At the tender age of 31, long before I finally got pregnant, I took a real-life tour of menopause, and I am here to tell you: I have been to the fires of hell and back.
It forever left a special place in my heart for the 27 million women between the ages of 45 and 64 in America going through this uncomfortable process each year.
So you’re probably thinking, "Menopause at 31? How?" When I was diagnosed with a fibroid the size of a six-month-old fetus in 2011, my doctor put me on hormone-suppressing injections, in an effort to shrink the tumor. The drug works by essentially reducing the amount of luteinizing and follicle-stimulating hormones in the body. I was scheduled to have the fibroid removed through the da Vinci Surgical System, a minimally-invasive robotic surgery that leaves a few small incision scars on the abdomen and offers a quicker recovery time than a myomectomy, which involves sizeable "bikini cut.”
At first, I was reluctant to take the injections after learning the common side effects included hot flashes, headaches, nausea, diarrhea, breast tenderness, insomnia, forgetfulness, dizziness, increased growth of facial hair, chills, swollen ankles, reduced sexual interest, and depression.
I had pictured 31 much differently. It’s a time in your life when you can finally afford to start eating at better restaurants, take decent vacations alone and when you’re finally comfortable enough in your own skin to break up with idiots who don’t appreciate what you bring to the table. It’s not a time when you should have to worry about drenching your trendy new satin blouse while in the middle of a big presentation at work. I was 100 percent in sync with Alicia Keys singing, “This girl is on fiiiiire.” One night I had to change my pajamas three times because I kept soaking through them while I was attempting to sleep.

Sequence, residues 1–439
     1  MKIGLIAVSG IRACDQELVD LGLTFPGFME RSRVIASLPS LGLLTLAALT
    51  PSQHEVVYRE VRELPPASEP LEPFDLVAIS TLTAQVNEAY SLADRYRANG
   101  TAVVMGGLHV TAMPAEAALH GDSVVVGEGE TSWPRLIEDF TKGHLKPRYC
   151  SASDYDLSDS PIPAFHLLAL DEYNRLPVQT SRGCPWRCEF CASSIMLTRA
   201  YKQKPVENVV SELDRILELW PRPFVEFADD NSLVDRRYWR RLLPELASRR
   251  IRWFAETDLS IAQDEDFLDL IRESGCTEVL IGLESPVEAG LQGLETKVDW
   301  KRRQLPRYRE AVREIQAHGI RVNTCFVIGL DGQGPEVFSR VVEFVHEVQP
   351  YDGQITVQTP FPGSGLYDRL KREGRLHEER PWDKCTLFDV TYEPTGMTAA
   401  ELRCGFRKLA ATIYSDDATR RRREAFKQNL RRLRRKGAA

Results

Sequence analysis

I was on the menopause-inducing drug in 2011 only for a few months. During that time, I continued to work my day job as a journalist while experiencing every side effect on the warning list. I will never forget interviewing John Stamos when he was traveling to Palm Beach for a show with The Beach Boys when I had broken out into one of my worst sweats. I was unexpectedly at a funeral when he called, and I stepped outside to do the interview. The cold chills came and then the hot flashes and dizziness. This was seriously a dream moment of my career getting to talk to my Full House hero, Uncle Jesse, and my menopause was once again trying to upstage me. I got through the interview (he was lovely) and many others after that while quietly suffering from symptoms.
I continued to cover fashion shows and sweat down red carpets to get quotes from supermodels, fashion designers, and major Hollywood stars. But far more exciting was the countdown to stopping the drug and having my surgery.
When it came time for the surgery, I was bummed to discover my fibroid didn't shrink at all, and my doctor claimed it was now "too squishy" to successfully be picked up by the da Vinci robot hands. So, I ended up having to have an emergency myomectomy anyway, halfway through the procedure. Great.
Now, when 50-somethings whine to me about menopause and how I’m too young to have any idea of what they’re going through, I smile and secretly acknowledge that I have hopped in a time machine to travel there and back. I have felt your pain, sisters. Your body may be burnin’ up like a Disco Inferno, but this too shall pass.